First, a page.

Meat slicers that are used as slicing machines or deli slicers are tools common to butcher shops and delis where meats and cheeses are procured. More commonly today meat slicers, such as the Berkel meat slicer, are becoming widespread in homes as slicers have become easier to operate. Here at Berkel Sales and Service we have seen an uptick in the number of slicers especially the Berkel slicer. Home cooks are interested in investing in a solid piece of slicing equipment that can be passed down through the generations. As the meat slicer has a long standing history let’s take a look at the origins of this type of equipment.
Meat Slicer History
In 1898 pork shop owner Wilhelm Van Berkel invented the first ever food slicer in Rotterdam, the Netherlands. His invention followed the social demand to have more meats and cheeses. This arose from the prosperity of the seaside country that experienced a rise in import and export related businesses. As more and more people were becoming economically prosperous, their tastes for the finer things in life grew. Cheeses have historically been a boost to the national economy of the Netherlands, thanks to providences including Gouda, Edam, Leerdam, Leiden, and Limburg that are famous for cheese making. Additionally, the port city of Rotterdam is famous even today for its cheese markets where traditional Dutch cheeses can be purchased. The meat slicer provided cheesemakers the ability to slice cheeses, as it did for butchers and meat processors located in the cheese markets.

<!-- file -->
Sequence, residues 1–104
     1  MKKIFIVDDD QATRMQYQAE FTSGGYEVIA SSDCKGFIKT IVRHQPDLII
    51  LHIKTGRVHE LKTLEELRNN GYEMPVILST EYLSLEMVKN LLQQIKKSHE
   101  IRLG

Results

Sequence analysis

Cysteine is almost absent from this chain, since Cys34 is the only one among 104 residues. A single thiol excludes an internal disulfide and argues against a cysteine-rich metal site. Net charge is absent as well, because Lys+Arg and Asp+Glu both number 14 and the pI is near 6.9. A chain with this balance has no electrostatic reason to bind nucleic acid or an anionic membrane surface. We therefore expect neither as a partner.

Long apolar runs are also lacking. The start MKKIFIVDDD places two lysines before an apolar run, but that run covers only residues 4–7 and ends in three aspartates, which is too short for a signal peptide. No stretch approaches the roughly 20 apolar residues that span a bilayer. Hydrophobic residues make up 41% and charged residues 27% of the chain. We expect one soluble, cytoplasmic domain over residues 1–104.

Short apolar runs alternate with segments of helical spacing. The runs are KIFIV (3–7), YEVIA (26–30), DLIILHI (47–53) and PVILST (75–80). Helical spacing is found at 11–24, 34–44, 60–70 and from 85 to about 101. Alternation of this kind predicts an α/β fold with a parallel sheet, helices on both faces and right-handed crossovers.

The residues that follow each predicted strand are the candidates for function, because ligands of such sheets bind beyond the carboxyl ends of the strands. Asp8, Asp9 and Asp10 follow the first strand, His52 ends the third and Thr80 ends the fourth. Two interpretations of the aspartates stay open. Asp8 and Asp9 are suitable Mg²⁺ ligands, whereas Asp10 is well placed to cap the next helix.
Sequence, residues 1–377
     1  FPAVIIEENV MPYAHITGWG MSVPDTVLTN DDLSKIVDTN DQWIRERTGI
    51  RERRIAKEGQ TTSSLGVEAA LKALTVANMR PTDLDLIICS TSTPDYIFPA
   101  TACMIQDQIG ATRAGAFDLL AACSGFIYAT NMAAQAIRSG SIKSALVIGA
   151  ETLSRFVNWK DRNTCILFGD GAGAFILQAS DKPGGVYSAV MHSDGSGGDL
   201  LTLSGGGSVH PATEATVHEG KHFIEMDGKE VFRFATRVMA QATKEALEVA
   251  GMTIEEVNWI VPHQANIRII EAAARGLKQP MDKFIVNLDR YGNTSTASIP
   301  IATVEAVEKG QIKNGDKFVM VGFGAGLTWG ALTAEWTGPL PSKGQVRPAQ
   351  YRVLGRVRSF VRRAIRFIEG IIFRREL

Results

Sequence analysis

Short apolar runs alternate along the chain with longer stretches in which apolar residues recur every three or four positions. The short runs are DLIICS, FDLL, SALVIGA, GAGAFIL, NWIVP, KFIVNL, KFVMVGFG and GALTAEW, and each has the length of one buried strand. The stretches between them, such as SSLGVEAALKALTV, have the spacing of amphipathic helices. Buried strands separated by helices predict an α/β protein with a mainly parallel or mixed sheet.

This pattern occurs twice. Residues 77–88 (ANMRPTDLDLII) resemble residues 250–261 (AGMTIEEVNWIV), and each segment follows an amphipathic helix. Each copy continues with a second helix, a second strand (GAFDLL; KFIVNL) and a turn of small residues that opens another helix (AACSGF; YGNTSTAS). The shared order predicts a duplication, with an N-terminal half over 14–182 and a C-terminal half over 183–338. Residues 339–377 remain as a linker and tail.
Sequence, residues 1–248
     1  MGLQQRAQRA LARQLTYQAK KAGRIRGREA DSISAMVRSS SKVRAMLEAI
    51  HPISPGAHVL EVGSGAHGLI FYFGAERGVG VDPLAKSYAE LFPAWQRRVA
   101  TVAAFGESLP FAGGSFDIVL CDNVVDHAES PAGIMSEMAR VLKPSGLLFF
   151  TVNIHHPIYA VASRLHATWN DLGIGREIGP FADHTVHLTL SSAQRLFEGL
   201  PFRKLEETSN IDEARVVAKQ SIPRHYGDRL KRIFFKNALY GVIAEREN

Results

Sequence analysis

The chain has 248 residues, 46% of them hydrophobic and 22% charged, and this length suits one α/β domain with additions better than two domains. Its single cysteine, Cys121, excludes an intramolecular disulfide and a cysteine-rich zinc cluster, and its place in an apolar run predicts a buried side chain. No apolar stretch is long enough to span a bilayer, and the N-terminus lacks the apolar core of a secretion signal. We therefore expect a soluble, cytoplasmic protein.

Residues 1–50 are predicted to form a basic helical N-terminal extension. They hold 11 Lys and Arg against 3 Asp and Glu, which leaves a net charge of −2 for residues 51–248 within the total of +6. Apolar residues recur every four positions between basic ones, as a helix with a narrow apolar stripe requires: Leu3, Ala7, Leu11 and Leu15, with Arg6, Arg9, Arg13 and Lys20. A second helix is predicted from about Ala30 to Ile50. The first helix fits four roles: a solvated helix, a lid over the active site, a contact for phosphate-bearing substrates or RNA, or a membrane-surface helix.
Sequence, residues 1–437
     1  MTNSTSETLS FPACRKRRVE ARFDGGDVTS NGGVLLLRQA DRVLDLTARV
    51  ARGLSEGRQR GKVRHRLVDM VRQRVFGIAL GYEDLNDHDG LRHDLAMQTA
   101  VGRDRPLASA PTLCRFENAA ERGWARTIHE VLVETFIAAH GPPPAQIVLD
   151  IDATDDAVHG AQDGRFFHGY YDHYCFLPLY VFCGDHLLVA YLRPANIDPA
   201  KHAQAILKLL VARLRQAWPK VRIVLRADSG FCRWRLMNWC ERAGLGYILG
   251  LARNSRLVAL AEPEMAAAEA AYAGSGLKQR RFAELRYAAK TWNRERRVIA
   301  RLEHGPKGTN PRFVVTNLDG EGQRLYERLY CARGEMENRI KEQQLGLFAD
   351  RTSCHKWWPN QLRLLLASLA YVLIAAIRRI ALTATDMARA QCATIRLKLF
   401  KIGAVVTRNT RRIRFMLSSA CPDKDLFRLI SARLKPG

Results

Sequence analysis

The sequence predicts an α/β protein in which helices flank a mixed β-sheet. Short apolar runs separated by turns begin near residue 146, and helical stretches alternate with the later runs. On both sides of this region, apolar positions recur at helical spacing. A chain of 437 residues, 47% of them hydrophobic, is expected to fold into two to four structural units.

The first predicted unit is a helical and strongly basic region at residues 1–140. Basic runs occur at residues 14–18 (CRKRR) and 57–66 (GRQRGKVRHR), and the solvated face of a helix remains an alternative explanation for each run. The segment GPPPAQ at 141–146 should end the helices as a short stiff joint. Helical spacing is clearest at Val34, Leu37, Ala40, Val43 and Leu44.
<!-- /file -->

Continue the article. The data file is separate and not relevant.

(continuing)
Berkel Meat Slicer History
Berkel’s slicer took years to perfect. He would ruin expensive cuts of meat in an attempt to use his prototype slicers. However, it was through the years of practicing on various types of meats and cheeses that Berkel was able to also see what other slicing tools were used by butchers and cheese makers. In this he learned what was working and what was a flop. For example, elliptical and spiral knives may have looked interesting, but they were wholly impractical for actually slicing meats and cheeses. Berkel finally discovered the concave knife and top-based table that slid towards the blade. This was the basic design of the Berkel we have today. He patented his machine and paved the way for the modern version of this meat slicer.
The Original Meat Slicer Today
Thanks to modern technology the Berkel meat slicer now features an electric motor to increase the efficiency of this machine for today’s meat and cheese demands. Also, in-built sharpeners and knife guards have been added to the circular blade to increase the safety of this food production whiz. Meat tables have increased in size, while self-oiling and back-plate features now promote more hygienic food practices. Additionally, the meat slicer has moved from the butcher’s block and cheese markets to the homes of cooks worldwide.